As the mother of two girls, I'd always cringe when people who didn't even know my children would talk about drama and difficulty associated with raising girls. It's so stereotypical and generalized. It wasn't reflective of me as a girl or a woman, and it annoyed me that they were painting my daughters into the corner that was so critical and unrelated to my experience. And yet. In the case of my daughters, it actually seems to have some merit.
But still I prickle at all the generalizing, because it oversimplifies them. They, like most people, I guess, are wonderfully complex. They both love learning all they can about animals and the Bible (though it annoys them that so few girls are featured prominently in it), they love getting lost in music and books and imaginative play in the worlds of their own creation. Recently they've begun "exploring" in which they comb parts of a field or park, away from the playground equipment, for "evidence of aliens." Their daddy is hard at work on a spectacular clubhouse situated a bit too high for my liking and outside our bedroom window. They are already conspiring about the adventures they will have there in the nonsensically named "Double M and Em club" (Double stands for Deacon, they say, M for Mirabella and Em for Emerie). My heart smiles as I picture years of secret meetings in that house.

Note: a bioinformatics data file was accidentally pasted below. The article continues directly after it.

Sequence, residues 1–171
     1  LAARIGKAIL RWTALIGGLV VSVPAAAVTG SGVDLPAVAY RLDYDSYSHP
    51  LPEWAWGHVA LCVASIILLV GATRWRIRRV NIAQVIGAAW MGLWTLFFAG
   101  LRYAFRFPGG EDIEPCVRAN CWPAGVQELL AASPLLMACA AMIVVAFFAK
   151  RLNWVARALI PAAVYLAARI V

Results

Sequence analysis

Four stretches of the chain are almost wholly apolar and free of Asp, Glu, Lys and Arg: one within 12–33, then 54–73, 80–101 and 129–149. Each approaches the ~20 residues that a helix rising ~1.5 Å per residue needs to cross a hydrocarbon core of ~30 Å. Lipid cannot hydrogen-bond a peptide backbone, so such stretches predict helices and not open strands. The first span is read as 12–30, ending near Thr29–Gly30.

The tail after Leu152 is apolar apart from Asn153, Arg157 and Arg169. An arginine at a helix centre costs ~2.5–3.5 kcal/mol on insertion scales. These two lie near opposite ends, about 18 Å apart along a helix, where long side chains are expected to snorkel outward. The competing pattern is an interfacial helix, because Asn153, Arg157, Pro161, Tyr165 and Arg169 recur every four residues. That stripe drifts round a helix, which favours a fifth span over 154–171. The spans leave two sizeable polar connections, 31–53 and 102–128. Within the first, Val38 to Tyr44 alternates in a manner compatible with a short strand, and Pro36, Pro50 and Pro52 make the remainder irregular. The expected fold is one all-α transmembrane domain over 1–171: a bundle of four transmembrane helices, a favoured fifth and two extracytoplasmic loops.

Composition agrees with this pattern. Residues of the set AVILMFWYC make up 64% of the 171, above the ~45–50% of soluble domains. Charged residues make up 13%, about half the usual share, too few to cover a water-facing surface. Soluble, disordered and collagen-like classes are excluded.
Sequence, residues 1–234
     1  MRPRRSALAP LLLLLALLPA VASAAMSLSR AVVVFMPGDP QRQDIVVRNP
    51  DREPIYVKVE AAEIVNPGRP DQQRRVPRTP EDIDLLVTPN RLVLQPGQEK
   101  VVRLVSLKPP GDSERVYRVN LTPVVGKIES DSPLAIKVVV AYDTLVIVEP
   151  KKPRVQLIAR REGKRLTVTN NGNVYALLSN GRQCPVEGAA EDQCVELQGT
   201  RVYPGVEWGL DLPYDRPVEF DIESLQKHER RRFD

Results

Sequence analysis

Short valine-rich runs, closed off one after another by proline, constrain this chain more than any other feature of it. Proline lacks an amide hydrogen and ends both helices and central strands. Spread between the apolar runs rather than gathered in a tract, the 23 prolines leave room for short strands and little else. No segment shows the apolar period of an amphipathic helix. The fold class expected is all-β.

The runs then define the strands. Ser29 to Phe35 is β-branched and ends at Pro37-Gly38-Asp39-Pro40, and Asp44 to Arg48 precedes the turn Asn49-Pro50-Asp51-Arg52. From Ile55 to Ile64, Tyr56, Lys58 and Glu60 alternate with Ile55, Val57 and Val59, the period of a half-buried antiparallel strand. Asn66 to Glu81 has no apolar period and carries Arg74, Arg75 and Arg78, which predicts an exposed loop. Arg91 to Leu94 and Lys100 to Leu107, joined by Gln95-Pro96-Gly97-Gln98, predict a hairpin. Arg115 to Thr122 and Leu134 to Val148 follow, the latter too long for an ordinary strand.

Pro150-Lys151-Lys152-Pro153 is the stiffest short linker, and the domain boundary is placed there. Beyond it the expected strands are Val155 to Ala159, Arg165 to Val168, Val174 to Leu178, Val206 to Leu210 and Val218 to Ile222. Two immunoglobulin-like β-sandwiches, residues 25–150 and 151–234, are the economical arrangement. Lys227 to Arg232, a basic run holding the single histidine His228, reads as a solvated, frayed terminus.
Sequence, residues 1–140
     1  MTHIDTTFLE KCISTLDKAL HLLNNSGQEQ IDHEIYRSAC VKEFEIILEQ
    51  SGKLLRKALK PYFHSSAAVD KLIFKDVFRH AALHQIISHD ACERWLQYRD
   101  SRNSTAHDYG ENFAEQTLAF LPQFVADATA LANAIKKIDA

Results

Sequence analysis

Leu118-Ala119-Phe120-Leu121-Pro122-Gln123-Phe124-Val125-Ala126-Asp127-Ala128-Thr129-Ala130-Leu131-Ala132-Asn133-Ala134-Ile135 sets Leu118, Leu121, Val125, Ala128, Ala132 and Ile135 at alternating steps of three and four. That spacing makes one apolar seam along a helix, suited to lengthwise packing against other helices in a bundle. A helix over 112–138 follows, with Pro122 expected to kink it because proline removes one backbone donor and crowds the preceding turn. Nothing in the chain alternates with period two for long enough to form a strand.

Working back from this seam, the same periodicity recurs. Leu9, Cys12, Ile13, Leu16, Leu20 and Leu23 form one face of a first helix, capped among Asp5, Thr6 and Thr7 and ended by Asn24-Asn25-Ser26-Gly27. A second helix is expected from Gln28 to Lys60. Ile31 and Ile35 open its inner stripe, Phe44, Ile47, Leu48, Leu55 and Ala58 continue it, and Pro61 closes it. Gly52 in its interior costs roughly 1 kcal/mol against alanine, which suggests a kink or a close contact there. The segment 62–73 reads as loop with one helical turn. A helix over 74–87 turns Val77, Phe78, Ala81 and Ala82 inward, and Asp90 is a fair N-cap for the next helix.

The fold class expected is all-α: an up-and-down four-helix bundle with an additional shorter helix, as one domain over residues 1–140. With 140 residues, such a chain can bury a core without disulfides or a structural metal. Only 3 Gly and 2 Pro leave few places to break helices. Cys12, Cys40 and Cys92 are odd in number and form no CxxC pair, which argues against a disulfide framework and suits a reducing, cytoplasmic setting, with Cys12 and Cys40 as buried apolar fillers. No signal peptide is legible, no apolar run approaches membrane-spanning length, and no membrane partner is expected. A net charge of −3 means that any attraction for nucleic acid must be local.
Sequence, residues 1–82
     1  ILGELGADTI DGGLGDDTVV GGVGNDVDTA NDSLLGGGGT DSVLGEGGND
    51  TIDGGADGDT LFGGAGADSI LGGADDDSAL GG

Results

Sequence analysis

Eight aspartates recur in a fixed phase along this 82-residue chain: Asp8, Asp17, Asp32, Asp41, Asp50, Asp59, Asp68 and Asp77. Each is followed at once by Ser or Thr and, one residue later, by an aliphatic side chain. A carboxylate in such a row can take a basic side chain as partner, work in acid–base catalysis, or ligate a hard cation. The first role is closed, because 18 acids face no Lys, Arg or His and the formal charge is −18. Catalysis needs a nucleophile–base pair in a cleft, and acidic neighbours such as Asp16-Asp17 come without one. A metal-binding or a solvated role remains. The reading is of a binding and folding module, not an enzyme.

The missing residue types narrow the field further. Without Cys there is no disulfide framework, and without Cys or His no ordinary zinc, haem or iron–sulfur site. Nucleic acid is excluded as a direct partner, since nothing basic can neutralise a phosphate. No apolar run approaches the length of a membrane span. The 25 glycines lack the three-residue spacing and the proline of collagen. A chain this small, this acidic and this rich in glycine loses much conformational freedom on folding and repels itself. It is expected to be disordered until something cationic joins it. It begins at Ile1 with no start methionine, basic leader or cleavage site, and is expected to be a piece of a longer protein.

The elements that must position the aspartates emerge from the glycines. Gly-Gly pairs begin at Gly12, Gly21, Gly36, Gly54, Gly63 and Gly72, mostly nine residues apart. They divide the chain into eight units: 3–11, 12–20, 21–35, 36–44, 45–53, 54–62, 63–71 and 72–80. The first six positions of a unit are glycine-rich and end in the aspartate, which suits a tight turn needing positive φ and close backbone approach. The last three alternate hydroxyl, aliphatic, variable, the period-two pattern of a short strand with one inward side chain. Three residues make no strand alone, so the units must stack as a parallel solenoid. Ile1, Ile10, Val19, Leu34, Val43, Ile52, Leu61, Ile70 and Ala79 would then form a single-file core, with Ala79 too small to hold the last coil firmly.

So when I say the comments from strangers and friends and family alike about how different a boy would be-- simply because he is a boy-- irritated me, I guess it's because it all sounded like more of the same. I found myself defending his right to be whoever he wanted to be before he even got here. There were newborn sleepers with football and "all star" references on them. Comments about how everything had to be gotten rid of and replaced because so much of it was pink; as if drinking from a pink sippy cup would scar him for life. "Get ready," they'd say, "you don't know what's coming." I scoffed at all of it. I still do.
But for as rough and wild as he is, he is every bit as affectionate. He sleeps with a teddy bear in a choke hold that he calls his "baby." He throws his body at me in a bear hug, in the middle of his play time, just because. At any moment, if there is music, he might hold up his arms and say, "Mama! Dance!" He wraps his chubby self around me when it's time to sleep, one arm wound around my neck with his face turned in toward mine and demands that I "sing."
"Sunshine?" I ask.
"No, no," he replies, "inkle inkle." If I take too long getting started, he pulls back and holds his big puppy paws in the air, opening and closing them and bobbing his head while repeating, "inkle inkle."
He settles his head back down on my chest as I begin to sing, "Twinkle, twinkle little star, how I wonder what you are."
I lament the lightning speed with which they are growing, even as I can hardly wait to see who they will become.